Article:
SPRINGFIELD, NJ. Last week's KPMG Women's PGA Championship at storied Baltusrol Golf Club was the second of five major events being contested in 2023 by the finest female golfers on the planet.
The sponsorship with KPMG has also brought to the forefront a number of initiatives that provided tremendous progress made by women's professional golf over the last several years.
Empowering women on a range of fronts has put into motion a number of clear actions that illuminated gains made and by planting the seeds for countless others to germinate.
Last week's purse of $10 million was $1 million more than in 2022 and the sixth consecutive year the KPMG purse has risen. Ruoning Yin earned a payday of $1,5 million. In six years, going back to 2017, the overall increase has been 185 percent. The total KPMG purse matches w
hat will be offered at the upcoming U.S. Women's Open at Pebble Beach.
More importantly, the overall 2023 purse amount provided by the LPGA now stands at $101.35, the first time the $100 mark has been exceeded.
On the surface one would think all is well financially and that the LPGA would see no need to even remotely contemplate a discussion with LIV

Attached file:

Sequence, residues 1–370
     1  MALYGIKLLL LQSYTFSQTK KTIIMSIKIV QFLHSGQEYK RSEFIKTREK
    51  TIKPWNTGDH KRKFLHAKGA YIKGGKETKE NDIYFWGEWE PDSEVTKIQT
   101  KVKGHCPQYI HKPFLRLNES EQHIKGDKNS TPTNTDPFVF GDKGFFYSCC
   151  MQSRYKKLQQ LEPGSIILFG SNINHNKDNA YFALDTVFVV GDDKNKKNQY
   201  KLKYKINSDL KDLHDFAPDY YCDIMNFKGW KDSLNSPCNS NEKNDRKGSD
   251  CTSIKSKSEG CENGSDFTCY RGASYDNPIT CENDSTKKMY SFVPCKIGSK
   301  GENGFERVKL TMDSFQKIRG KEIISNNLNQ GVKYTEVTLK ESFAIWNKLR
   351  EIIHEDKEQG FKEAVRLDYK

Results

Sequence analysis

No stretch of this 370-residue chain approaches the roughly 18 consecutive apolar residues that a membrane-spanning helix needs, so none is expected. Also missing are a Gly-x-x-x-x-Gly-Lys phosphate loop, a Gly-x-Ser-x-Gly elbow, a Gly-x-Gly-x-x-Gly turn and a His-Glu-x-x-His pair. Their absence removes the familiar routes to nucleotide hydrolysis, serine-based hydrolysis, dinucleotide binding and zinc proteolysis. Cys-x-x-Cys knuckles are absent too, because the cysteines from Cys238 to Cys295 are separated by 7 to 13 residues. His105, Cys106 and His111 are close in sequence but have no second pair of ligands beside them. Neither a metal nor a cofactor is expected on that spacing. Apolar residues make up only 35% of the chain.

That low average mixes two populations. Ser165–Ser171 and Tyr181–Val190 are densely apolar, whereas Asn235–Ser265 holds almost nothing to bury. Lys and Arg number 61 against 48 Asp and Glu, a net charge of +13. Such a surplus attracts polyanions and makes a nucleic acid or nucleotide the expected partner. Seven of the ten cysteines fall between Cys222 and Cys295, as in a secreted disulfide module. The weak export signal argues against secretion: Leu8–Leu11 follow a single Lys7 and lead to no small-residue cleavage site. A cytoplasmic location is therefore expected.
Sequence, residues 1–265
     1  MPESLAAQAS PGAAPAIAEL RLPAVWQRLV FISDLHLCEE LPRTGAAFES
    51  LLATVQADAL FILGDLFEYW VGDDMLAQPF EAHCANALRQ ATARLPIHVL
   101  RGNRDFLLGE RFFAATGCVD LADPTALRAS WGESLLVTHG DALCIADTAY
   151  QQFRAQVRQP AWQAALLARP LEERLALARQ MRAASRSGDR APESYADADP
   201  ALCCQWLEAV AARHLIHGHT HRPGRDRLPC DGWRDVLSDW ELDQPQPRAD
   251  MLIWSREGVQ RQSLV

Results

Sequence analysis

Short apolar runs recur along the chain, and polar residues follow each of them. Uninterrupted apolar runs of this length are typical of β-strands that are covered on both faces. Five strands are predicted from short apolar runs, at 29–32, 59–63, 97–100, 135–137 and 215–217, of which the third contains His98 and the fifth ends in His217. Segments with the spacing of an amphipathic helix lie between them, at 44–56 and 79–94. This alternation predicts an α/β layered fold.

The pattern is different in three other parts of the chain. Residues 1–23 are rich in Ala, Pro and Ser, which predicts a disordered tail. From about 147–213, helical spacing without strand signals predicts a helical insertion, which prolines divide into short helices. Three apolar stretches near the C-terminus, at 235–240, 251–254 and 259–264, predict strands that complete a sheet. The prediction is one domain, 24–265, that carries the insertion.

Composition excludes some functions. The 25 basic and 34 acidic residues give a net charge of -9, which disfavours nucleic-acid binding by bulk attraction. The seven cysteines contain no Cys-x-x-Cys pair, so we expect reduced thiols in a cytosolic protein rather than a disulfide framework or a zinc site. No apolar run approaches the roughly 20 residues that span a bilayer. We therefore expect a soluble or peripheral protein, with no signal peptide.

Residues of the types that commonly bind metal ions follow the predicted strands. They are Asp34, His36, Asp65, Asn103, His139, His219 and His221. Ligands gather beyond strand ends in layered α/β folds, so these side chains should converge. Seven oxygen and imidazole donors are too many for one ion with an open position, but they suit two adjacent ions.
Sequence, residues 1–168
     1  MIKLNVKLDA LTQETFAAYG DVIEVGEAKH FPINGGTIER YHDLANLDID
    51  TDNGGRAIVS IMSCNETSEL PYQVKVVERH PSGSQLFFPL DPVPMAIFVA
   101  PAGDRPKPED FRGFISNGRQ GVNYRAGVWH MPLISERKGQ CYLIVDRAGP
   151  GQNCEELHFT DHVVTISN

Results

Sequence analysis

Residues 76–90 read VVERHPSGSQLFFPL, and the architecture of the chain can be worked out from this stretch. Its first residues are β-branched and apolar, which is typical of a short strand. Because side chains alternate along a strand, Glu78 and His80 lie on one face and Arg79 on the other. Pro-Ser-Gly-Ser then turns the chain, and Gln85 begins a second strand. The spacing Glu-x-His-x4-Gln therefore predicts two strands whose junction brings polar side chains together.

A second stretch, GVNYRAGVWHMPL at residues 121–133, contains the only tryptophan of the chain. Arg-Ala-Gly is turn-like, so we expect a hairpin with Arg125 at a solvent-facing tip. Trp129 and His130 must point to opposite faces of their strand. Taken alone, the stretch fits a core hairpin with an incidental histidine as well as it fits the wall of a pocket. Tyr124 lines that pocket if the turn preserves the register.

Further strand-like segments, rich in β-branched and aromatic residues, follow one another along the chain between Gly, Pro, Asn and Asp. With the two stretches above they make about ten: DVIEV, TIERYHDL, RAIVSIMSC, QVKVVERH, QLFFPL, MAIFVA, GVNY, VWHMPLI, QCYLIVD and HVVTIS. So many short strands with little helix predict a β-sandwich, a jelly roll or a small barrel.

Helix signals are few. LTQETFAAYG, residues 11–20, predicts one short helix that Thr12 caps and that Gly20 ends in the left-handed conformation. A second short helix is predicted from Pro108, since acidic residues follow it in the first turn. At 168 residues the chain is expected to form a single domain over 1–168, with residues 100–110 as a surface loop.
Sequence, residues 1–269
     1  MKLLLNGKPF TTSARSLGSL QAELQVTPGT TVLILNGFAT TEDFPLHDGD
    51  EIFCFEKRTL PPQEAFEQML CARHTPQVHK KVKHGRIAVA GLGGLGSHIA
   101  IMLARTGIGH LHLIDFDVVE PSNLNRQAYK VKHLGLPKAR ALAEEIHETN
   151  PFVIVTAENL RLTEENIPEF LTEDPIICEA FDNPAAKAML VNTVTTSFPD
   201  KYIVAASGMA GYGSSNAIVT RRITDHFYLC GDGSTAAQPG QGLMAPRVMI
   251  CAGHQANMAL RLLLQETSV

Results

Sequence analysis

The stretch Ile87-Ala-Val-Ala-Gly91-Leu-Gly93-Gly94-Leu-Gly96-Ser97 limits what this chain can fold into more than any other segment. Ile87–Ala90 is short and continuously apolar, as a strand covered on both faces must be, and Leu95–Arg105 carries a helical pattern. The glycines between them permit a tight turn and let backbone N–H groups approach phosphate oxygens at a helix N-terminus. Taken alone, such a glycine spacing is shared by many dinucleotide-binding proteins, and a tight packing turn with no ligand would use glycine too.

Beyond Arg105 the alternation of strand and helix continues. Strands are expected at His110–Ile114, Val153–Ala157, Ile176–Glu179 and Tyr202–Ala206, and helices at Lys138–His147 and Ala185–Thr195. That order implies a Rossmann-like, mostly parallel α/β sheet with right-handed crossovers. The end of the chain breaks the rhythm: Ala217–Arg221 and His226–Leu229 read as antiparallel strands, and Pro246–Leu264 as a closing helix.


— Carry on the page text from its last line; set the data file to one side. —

When the controversy of LIV was just starting to take shape in 2022, LPGA Commissioner Mollie Marcoux Samaan was asked if she would take a call from LIV CEO Greg Norman to discuss working with one another.
Interestingly, the Commissioner said she would take the call.
During last year's Amundi Evian Championship, Samaan told Cathy Harris of the London Times the following.
"It's my responsibility to evaluate every opportunity. I would engage in a conversation if it would achieve our aim of promoting women's golf, but there needs to be input from players and sponsors. There's a lot of factors to consider before we do business with LIV Golf."
It's important to point out LIV via PIF is directly controlled by the sovereign crown running Saudi Arabia. The country has a questionable record in human rights and has historically treated its own women as second-class entities.
Can and should an organization like the LPGA even contemplate having a call take place between the Commissioner and Norman given the source of the money and the history of the country?
Surprisingly, some LPGA players voiced support for moving matters along. Cristie Kerr told Beth Ann Nichols from Golfweek at last year's KPMG event at Congressional that "the entire tour" would opt to bolt the LPGA and play for LIV.
The inherent contradictions are clear to see. Can the longest-running women's organization such as the LPGA, which has roots in advancing the needs of its membership going back to its original founding in 1950, align itself with a country that views the role of women in medieval terms?
Unquestionably, money has driven sports organizations for a number of years and there has been a growing involvement from Middle East countries seeking to expand their financial footprint with Western sports leagues and organizations. The bigger question arises -- does morality even matter and why should women not explore such options when men's sports are already engaged in such actions? And, more broadly, is morality simply a talking point and hardly an action item of emphasis?